SoundSlam: When I was listening to ‘Soul of A Hustler,’ I thought of ‘One Mic.’ I was wondering if that went into your mind at all?
SunN.Y.: You’re the first person to say that, that it reminded you of ‘One Mic.’ Usually I hear Jay-Z s**t.
SoundSlam: It really does. The way your voice builds too in the song, the whole vibe of that song.
SunN.Y.: Now that I think about it, it does have similarities to ‘One Mic.’ ‘One Mic’ didn’t pass through my head. When I did that song I wasn’t really thinking about it. We went to the studio, we loaded up the beat in protools, and I just went in the booth and two-tracked it. I ain’t write that or nothing. That was a straight one-take shot. That’s why if you listen to it now that’s it’s mastered you can hear that noise in the background a little bit like shhhhhh. That extra shhhh’s not being compressed or whatever. Man, ‘One Mic,’ you kind of left me speechless with that one. All I can say is thank you. I feel like it’s possible.
SoundSlam: And you have no chorus in that. I was going to ask if that’s just how it flowed out but I guess you just kind of answered that.
SunN.Y.: It was supposed to have a chorus. But I got so caught up in the song once I went in there. I forgot what the hook was going to be. One thing about me and beats, I don’t know but when I go to record a track I can time the 16’s and the hooks without having to listen to the beat and find it. You can kind of feel where you got to stop and go. With that song, I meant to put the hook in there. I was even going to go back and put the hook in after I recorded it. But emotionally I got drawn into myself and I just had to let it out. When I first did it I was like, ‘damn, I don’t know if I want that,’ like that s**t about my mom making me pay. Because I know someday my mother’s going to hear it. And that song made her cry a couple times. I like listening to it because growing up you start hanging with your friends in the street they become your family. You know your mother, but she’s not knowing you, and you start straying away from her. That song kind of told her a lot of stuff about me that she didn’t know.
SoundSlam: You have a line in there where people are telling you that you have a talent in rap and you’re like, ‘are you kidding? Do you see those fiends right there? I could make money-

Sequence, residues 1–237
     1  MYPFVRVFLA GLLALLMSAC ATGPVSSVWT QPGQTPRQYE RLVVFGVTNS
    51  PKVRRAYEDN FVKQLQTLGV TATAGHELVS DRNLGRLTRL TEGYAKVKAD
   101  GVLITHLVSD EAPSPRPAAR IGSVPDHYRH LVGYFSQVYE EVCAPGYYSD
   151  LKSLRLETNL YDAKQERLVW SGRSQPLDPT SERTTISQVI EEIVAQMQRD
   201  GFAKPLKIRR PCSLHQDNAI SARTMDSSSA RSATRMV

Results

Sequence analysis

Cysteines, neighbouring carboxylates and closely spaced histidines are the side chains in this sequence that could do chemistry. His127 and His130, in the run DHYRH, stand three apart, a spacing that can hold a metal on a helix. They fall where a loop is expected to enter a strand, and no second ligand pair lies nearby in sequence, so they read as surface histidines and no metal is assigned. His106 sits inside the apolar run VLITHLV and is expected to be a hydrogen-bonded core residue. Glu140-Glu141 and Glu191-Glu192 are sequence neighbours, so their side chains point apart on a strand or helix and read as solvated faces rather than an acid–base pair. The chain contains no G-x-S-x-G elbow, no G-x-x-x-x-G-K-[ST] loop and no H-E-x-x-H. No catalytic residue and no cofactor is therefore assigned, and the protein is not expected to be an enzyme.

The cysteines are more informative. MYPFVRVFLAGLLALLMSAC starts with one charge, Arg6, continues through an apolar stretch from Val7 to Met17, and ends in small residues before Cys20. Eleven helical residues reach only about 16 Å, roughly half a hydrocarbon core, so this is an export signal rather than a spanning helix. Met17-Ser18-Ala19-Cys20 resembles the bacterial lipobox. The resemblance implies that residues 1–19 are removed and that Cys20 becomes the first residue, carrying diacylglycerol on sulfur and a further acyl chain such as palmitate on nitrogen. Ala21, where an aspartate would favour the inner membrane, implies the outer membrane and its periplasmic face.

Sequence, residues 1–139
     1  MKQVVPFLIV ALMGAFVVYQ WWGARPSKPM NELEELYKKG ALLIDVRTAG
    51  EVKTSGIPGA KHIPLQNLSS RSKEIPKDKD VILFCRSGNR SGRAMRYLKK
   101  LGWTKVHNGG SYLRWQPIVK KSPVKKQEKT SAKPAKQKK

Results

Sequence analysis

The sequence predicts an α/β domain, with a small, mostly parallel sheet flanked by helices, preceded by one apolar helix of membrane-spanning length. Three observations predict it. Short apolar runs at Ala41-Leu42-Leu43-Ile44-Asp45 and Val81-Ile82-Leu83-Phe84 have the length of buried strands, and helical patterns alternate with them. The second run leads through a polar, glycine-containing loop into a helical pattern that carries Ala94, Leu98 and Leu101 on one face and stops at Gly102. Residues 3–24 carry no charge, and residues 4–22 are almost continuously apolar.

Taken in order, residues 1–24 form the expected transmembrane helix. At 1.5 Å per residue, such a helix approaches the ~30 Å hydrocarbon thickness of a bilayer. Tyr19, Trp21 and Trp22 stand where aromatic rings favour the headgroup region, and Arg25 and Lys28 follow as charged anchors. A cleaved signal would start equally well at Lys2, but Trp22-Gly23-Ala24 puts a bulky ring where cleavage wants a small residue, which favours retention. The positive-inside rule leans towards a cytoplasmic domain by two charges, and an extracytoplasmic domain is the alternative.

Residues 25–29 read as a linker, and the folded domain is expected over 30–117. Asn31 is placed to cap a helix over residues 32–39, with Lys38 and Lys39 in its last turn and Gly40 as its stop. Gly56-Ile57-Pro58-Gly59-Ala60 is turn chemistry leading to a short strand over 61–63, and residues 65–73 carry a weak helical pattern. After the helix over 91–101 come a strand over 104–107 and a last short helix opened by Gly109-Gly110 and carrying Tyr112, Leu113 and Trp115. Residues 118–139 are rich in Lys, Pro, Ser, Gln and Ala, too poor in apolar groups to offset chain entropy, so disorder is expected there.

SunN.Y.: ‘I could get dough, are you crazy? You see those fiends right there?’
SoundSlam: Why is it so hard for even successful rappers to leave the street alone?
SunN.Y.: Because first of all, it’s a long shot. People say the easy part is getting a deal. Some people might have to live in Atlanta for five years trying to get a deal. Compared to me getting one in one year, which does prove that. But that’s not true for everybody. I guess it’s just when you’re hustling and running the streets there’s no authority. Nobody’s telling you to do anything. You’re your own boss. Even now that I’m in the rap game I have obligations to do things. I got a career. I got a job. My first taste of Atlanta was in 2000. I tried to stay down there for good. I only did it for like 6 months because I didn’t know anything about it. I ran through mad money. It sent me back to Rochester, back to 819. I can’t speak for everybody but I know Rochester has a bad problem. It’s a small town. The access to get product and to move it is so easy. It’s people that work at places in Rochester that hustle because of the fact there’s people at their job that gotta have it. I think it’s just kind of being young and stupid and at the same time the actual drive of money. That’s for anybody. Especially if you grow up listening to Hip Hop and you love to live the life of Hip Hop, which could drive somebody to hustle just to get bass because bass costs $200 and they know that’s the latest trend in Hip Hop. The fastest way to get it is to sell something. That’s why I got a song called ‘the State of Hip Hop.’ Now that I’m older I do see the way Hip Hop influences life in the community. I know n***as that shot n***as just because of a CD. I see them get high, drinking, and all they play the whole time is ‘Back Down’ or listening to Get Rich or Die Trying….
SoundSlam: I teach 2nd grade in Chicago and I see kids they all listen to Lil Jon and want to be like that….
SunN.Y.: You can see how much music influences them. And in a way that’s sad. At the end of the day TV and radio, they project a certain genre of the music. You don’t see them project KRS-ONE or [other Hip Hop artists] that could actually change the community. Imagine if Common Sense sold 8 million records, how many people he might change. Compared to 50 selling 8 million records, and the s**t he’s talking about. It ain’t like it’s improving s**t.
SoundSlam: Talking about your album, you have ‘Soul of a Hustler,’ and then you have a song like ‘Introduction.’ You’re going to be able to reach a wider audience from kids that would just listen to songs like ‘Soul of a Hustler,’ to people who might listen to more clubby songs. Do you think you’ll surprise some people with your versatility?